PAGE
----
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Smooth Sounds of the Season

The Music Scene

The renowned jazz fusion band Spyro Gyra brings its indelible and timeless brand of “adult contemporary” music to the Mahaiwe Performing Arts Center in Great Barrington for a pre-Christmas concert.
The group got its start more than 35 years ago in Buffalo, NY, still its home base, as simply “Tuesday Night Jazz Jams,” and has made nearly 30 original albums since, including one platinum and two gold, plus several “best of” compilations. Their most recent CD, released just this year, is A Foreign Affair, a blend of the band’s signature smooth sound with Latin rhythms.

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Music Ancient and Very Ancient

The Music Scene

According to retailers, we are now well into the holiday season.
The music scene says the same thing, too.
This weekend brings two opportunities to enjoy the time-honored, candlelit holiday event, lessons and carols, a blend of bible readings, traditional carols, and choral music. Hotchkiss School in Lakeville has its annual Festival of Lessons and Carols on Sunday, Dec. 4 at 7 p.m. in the Hotchkiss Chapel.
Early arrival is encouraged as seating is limited.

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The Hols Are Here, And So Is the Music

The Music Scene

It seems only fitting on this holiday to reflect on the extraordinary musical riches around us. From Tanglewood to Music Mountain, the Mahaiwe to the Warner, Infinity Music Hall to the Towne Crier, Bard to the Bardavon, and many music places in between, we are awash in places to enjoy music. What makes this more noteworthy is the incredible span of musical genres available to us.
There is truly something for everyone.

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Easter, Not Christmas, and, No, George Stayed Seated (Were He There at All)

The Music Scene

Here are a few things you might not know about Handel’s great oratorio, “Messiah.”
First, despite being a Christmas tradition, it was written for Easter. The climactic Hallelujah follows Christ’s Resurrection and Ascension.
Second, King George II never did stand up for the Hallelujah Chorus ­— let alone rise at the sight of a courtesan or leave for the bathroom — and may never even have attended a performance of it. So don’t stand up when all those people who believe these tales do.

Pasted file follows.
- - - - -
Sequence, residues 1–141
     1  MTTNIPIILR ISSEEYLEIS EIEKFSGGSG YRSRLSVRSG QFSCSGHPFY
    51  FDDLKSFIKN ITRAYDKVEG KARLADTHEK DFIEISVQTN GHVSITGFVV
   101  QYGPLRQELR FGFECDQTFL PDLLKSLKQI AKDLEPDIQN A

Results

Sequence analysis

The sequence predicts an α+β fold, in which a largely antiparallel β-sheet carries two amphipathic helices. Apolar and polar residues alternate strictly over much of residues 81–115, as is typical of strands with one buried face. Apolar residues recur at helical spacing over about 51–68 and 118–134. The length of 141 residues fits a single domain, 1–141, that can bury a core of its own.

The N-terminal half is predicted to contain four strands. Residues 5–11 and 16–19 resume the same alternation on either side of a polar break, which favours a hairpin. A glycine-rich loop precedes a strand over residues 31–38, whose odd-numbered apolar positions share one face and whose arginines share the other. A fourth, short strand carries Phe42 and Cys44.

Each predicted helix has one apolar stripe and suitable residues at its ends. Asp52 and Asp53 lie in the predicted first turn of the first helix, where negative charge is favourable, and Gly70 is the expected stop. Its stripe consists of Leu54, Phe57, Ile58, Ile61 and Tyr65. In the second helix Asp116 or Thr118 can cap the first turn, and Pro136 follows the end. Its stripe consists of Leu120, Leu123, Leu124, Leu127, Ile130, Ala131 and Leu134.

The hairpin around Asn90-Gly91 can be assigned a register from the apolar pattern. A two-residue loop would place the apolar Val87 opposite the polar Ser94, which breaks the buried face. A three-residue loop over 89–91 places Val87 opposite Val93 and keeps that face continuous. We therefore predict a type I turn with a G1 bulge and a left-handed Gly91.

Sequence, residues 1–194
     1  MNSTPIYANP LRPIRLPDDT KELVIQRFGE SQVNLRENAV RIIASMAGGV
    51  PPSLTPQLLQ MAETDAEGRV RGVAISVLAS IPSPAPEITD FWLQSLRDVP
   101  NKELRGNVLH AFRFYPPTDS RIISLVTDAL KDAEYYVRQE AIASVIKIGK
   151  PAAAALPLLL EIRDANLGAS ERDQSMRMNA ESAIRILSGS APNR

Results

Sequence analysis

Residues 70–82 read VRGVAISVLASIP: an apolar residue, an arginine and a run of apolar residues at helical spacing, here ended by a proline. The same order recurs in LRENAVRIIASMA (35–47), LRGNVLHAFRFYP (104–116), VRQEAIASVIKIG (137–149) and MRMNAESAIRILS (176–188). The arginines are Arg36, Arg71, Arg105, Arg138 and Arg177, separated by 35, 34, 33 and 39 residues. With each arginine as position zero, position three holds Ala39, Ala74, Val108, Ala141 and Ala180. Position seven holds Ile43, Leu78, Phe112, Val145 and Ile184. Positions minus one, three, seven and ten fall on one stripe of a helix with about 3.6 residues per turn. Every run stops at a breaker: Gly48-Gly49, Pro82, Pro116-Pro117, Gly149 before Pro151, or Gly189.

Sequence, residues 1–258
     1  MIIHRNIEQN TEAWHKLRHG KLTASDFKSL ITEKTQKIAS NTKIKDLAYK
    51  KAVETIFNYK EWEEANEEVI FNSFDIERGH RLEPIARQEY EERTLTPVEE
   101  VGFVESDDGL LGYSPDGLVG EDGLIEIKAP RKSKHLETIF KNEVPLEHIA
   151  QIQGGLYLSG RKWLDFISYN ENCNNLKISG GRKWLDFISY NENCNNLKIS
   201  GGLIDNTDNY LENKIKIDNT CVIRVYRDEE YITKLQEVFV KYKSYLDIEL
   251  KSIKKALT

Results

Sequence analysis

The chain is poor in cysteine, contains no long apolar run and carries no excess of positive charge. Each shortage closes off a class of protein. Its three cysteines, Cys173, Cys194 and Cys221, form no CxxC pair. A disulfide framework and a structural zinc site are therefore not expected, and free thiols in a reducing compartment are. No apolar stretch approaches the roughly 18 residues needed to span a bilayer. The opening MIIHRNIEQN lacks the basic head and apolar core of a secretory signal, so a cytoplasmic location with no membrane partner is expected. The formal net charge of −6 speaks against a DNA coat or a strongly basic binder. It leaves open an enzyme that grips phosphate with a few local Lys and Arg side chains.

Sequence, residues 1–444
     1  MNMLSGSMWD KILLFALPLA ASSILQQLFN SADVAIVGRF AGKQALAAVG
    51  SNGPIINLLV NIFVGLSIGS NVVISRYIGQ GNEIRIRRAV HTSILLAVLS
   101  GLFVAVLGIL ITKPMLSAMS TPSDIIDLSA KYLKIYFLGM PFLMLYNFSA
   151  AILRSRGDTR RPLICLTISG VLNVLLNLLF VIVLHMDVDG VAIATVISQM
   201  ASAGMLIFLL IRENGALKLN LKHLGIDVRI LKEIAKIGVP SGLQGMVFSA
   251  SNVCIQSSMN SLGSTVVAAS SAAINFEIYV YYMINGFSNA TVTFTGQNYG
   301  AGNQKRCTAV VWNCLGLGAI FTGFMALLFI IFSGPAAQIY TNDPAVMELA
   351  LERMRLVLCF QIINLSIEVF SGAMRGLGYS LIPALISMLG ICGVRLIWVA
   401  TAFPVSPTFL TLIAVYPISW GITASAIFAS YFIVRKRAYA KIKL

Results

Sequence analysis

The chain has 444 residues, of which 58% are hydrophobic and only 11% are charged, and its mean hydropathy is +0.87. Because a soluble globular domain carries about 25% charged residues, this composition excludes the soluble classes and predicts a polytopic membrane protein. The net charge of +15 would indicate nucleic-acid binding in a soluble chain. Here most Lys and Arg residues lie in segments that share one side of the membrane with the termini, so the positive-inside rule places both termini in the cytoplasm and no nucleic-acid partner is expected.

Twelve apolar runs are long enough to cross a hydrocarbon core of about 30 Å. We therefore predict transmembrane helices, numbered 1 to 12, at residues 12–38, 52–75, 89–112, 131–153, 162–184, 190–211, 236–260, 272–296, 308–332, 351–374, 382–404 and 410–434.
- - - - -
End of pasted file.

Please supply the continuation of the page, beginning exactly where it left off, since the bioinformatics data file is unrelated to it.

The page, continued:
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A-Liszt at Hotchkiss

The Music Scene

Franz Liszt occupies an odd niche in music history. A charismatic, dazzlingly virtuosic pianist, at his peak, and a daring, inventive composer, he is probably less well-known today than all of his Romantic contemporaries and near-contemporaries, from Beethoven through Chopin, Schumann, Wagner, and Brahms.
I bet that a search of concert programs would find him firmly in last place compared with his overworked peers. Yet the Hungarian-born Liszt probably had as much or more influence on music than any one of them.

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Into a Time of Light

The Music Scene

As a member of Christine Gevert’s Crescendo chorus, I have a privileged view of the musical mind of our conductor, and also of the composers aired in our semiannual concerts.
The next one, “Bach: Darkness to Light,” takes place Nov. 12 and 13. It is, to use a shopworn but nevertheless apt expression, a journey, not only for the singers but for the audience, too.

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Opera Fans, Start Your Engines

Music Scene

Time was, only a few years ago, that short of a hike to the Big Apple, the only way to enjoy the Met was on WAMC radio (Alan Chartock’s animosity notwithstanding). Not that it isn’t still a most enjoyable and easy way to experience great opera; I am especially enamored of the voice of Met announcer Margaret Juntwait, who replaced the venerable Peter Allen (for those of us with a long memory of Saturday afternoons by the radio). Plus on radio you can listen to the entertaining Opera Quiz at intermissions. And no purchase is necessary.

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Chat With an Indigo Girl

The Music Scene

   Amy Ray has been one half of the Indigo Girls, the folk-rock duo that has thrilled a wide, deep and loyal fan base for more than a quarter-century. Their close harmony, driving guitar and original songwriting has scored them two platinum (“Closer to Fine,” “Swamp Ophelia”) and one gold (“Nomads Indians Saints”) albums.

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A Vegetative Bachanalia

The Music Scene

Berkshire Bach opens its 22nd season with an unusual recital for harpsichord and flute titled “Venus Flytrap.”
The name refers to a movement of an original work by the composer Victoria Bond for solo harpsichord called “Peculiar Plants,” to be performed by harpsichordist and Berkshire Bach music director Kenneth Cooper.
“I composed ‘Peculiar Plants’ for Kenneth Cooper as a contemporary interpretation of the Baroque suite,” Bond writes. “Instead of each movement representing human characters or their dances, I chose plants with unusual characteristics.”

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Leaves May Turn, But the Beat Goes On

The Music Scene

Even as the summer music festival scene fades to a pleasant memory, there is plenty of outstanding music-making in our region as the leaves turn and the leaf peepers arrive.
The Hudson Valley Philharmonic revs up its concert season under music director Randall Craig Fleischer with an ambitious program of oft-played and lesser-known classics. The acclaimed Duo Parnas, string-playing sisters, will join the orchestra on violin and cello for the Vivaldi Double Concerto in B-flat major and Saint Saens’ “La Muse et la Poete,” Opus 132.

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